How do you balance motherhood and career? Do you think you can strike a perfect balance between your personal and professional life?
“Having it all” —a perfect balance of a rewarding career, great marriage, and happy motherhood—is a myth that women have been taught to believe is possible. You can pursue a professional life and a personal life, but it won’t be perfect and it will require compromises and sacrifices every day—whether you are working by choice or necessity.
While there’s no perfection possible when it comes to motherhood and career, you can still pursue both by making some adjustments.
The Myth of “Having It All”
Women with careers are constantly get asked, “How do you juggle it all”? This question implies, “You have to be messing something up,” feeding on women’s feelings of guilt and inadequacy.
When women feel they are not achieving perfection at home and work, they may end up leaving the workforce. Trying to do it all perfectly is a recipe for disappointment.
A better approach is to identify the real priorities at home and work. Be a perfectionist only in things that demand it, and for the rest, aim for “sustainable and fulfilling” instead of “perfection.”
There is certainly no perfection possible in parenting. You can’t prepare for its constant, surprising challenges and variables. Facebook has a prominent sign that offers great advice for moms in and out of the workforce: “Done is better than perfect.”
Set Limits for Yourself at Work
It’s a woman’s responsibility to set limits for hours spent at work. In fact, long-term success in the workforce often depends on not meeting every demand and taking on every task. Burnout is the number one reason good employees leave a challenging job.
Often, no one is demanding a woman work the schedule she’s taken on; she puts pressure on herself because she fears losing respect, prestige and even her job. Sandberg knows this dilemma intimately. She planned to take three months off when her son was born, but found herself unable to “unplug” for fear of missing out, being replaced and ultimately not being needed at work. Ultimately, she felt she let herself and her baby down by not being fully present during this time.
As Sandberg’s baby grew, she realized she had to set her own schedule, make priority changes, and stick to them. She set reasonable work hours in the office and became more efficient, maximizing every minute and cutting unnecessary meetings. She found ways to do more work at home after spending time with her kids.
This dilemma cropped up again when she moved to Facebook and needed to fit in with its “night owl” culture and the demands of a startup. She began missing more and more time with her kids but once again realized it was up to her to set limits. She began forcing herself to leave the office at 5:30 and regained her balance.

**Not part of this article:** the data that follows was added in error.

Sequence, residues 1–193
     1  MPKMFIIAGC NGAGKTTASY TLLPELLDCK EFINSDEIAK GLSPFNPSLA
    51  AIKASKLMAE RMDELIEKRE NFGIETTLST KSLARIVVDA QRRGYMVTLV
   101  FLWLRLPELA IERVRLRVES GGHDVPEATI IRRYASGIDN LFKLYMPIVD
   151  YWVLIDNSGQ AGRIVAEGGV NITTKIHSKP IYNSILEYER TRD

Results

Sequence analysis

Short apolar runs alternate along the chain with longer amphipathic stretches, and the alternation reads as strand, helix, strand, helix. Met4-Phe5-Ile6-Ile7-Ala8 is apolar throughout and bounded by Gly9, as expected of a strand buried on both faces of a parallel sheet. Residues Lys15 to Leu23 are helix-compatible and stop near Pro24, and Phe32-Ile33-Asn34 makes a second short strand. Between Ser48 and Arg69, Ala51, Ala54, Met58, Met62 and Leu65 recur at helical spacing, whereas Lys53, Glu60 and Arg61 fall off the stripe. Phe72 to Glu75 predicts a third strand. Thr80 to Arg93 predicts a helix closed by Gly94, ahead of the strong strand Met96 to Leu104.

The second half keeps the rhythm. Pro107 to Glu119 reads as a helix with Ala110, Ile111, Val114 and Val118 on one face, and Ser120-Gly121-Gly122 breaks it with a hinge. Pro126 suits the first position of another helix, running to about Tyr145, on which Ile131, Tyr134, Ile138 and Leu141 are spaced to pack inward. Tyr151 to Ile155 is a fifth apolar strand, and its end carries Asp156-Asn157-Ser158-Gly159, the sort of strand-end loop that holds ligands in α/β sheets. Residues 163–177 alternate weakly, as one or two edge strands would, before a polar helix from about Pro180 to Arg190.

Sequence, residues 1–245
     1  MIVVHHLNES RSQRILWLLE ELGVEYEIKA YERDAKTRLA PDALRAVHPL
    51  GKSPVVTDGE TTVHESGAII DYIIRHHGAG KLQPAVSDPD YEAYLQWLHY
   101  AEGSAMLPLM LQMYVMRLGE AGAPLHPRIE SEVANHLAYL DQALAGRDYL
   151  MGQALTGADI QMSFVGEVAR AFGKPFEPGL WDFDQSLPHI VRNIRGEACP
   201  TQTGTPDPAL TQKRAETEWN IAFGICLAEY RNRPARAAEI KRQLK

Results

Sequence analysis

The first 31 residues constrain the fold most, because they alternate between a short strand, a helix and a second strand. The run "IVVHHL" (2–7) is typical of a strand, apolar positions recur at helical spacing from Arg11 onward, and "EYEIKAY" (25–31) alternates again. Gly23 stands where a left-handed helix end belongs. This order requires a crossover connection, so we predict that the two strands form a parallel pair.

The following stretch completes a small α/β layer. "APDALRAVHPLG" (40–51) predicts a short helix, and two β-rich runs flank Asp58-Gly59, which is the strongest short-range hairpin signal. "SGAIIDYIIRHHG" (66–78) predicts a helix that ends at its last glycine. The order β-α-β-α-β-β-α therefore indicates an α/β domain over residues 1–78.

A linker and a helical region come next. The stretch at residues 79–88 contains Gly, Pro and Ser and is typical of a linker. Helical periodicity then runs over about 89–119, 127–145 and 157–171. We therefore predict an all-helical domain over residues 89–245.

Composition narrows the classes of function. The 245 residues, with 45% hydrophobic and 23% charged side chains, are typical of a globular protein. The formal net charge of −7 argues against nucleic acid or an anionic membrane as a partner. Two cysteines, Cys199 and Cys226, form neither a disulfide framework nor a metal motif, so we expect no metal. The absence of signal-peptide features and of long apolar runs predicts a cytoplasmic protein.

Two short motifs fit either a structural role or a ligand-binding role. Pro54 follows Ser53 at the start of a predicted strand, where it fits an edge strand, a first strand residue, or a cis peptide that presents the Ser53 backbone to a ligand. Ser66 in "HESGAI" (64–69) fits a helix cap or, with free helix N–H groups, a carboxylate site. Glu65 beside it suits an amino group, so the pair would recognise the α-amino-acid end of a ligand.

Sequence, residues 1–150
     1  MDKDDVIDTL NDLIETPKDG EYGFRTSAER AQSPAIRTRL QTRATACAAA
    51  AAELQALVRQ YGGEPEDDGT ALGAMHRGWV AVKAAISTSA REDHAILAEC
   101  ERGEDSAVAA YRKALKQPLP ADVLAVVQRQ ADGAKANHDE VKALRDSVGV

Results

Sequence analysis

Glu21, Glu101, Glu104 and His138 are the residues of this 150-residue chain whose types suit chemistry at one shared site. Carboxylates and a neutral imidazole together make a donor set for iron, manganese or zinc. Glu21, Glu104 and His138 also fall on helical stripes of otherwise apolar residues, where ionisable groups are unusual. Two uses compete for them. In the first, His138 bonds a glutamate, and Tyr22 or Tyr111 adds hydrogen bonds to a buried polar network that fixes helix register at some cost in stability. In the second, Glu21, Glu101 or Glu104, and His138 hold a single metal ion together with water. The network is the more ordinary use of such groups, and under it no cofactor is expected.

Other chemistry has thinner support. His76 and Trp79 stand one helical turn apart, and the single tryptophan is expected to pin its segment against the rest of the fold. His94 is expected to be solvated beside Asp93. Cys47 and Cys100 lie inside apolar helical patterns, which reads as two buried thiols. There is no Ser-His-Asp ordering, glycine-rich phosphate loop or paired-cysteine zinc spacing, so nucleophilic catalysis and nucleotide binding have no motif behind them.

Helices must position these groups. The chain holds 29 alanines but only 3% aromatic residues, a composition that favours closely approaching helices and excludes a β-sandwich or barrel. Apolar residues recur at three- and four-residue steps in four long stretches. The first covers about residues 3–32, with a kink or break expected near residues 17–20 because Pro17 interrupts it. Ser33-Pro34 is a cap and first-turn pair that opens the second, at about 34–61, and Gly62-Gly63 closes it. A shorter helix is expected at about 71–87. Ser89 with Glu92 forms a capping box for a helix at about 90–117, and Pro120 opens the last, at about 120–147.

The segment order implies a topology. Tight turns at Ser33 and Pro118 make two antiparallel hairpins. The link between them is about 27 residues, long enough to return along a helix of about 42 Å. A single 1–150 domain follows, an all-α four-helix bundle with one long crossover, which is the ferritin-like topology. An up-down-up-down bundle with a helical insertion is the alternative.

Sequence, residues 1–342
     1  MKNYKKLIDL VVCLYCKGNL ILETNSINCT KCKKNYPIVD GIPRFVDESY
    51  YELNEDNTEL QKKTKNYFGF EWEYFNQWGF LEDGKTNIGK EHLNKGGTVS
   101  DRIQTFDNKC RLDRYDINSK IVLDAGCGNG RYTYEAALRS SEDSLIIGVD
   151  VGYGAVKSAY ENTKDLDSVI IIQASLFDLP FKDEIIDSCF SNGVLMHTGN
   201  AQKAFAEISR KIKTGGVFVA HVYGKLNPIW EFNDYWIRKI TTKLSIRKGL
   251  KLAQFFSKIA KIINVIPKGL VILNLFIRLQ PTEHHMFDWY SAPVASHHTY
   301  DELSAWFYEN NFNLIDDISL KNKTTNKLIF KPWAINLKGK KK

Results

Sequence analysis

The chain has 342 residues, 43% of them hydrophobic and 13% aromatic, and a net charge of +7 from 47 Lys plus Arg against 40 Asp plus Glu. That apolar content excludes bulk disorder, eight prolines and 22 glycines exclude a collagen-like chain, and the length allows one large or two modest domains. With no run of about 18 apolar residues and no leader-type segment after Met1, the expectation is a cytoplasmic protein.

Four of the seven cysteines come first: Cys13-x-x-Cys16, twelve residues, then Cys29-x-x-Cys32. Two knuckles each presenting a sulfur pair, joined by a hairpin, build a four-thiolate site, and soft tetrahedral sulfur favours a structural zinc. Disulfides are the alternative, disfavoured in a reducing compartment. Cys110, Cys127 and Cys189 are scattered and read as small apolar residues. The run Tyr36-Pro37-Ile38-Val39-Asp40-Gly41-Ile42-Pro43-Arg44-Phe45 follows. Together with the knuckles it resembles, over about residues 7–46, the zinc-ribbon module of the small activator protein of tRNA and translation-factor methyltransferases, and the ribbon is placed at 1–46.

The Workplace Doesn’t Always Make Setting Limits Easy
Setting and keeping limits for yourself at work is hard; the workplace is more demanding than ever. Moms don’t want to be perceived as less dedicated to their jobs, so they overwork to overcompensate the perception.
Mothers and fathers alike are wary of taking advantage of flextime arrangements out of fear they’ll be penalized. “Face time” in the office is still seen as important. Data shows this to be true: employees who take advantage of flextime are seen as less dedicated and penalized.
These perceptions need to change. Data suggests working from home might actually be more productive, and technology allows you to do much more at home. (But technology is a double-edged sword as it extends the workday; we have to be aware and set limits at home.)
As more companies move toward flexible policies, the “face time” perception will be replaced by a focus on results.
The Intensive Mothering Challenge
Motherhood demands have ramped up, adding to the pressure working moms feel. In the prior generation, moms were available but not intensively present. For example, in 1975 they spent about 11 hours per week in primary care. In 2011 that number was 17 hours for stay-at-home moms and 11 for working moms.
So even though working moms spend as much time with their kids as stay-at-home moms used to, it’s no longer considered good enough. Sociologists call this elevated emphasis on time spent with children “intensive mothering,” a phenomenon that makes moms who work feel like failures in comparison to stay-at-home moms.
Sandberg also felt this guilt, so she relied on data to ease her mind: studies comparing exclusive maternal care vs. child care showed kids had no gap in cognitive skills, social skills and ability to maintain and build relationships. “Exclusive maternal care” was not related to any better or worse outcomes for kids.
Make the Best Choices You Can
Maybe women can’t strike a perfect balance between motherhood and career, but they can do what’s most important for them and their families. Success is making the best choices we can and accepting them. Sharing struggles authentically helps other women because they can see no one is perfect and everyone is just trying to do their best.
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- How professional, personal, and societal hurdles are holding women back
- Why you need to commit to your career with risks and ambition
- How your career is more like a jungle gym than a ladder